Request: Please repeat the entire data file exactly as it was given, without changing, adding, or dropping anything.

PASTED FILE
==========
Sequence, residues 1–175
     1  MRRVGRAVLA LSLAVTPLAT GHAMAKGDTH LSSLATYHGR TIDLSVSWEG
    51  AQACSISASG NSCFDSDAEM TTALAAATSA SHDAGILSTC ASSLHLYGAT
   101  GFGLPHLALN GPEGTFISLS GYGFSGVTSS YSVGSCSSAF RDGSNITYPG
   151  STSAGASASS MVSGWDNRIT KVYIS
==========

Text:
Sequence, residues 1–175
     1  MRRVGRAVLA LSLAVTPLAT GHAMAKGDTH LSSLATYHGR TIDLSVSWEG
    51  AQACSISASG NSCFDSDAEM TTALAAATSA SHDAGILSTC ASSLHLYGAT
   101  GFGLPHLALN GPEGTFISLS GYGFSGVTSS YSVGSCSSAF RDGSNITYPG
   151  STSAGASASS MVSGWDNRIT KVYIS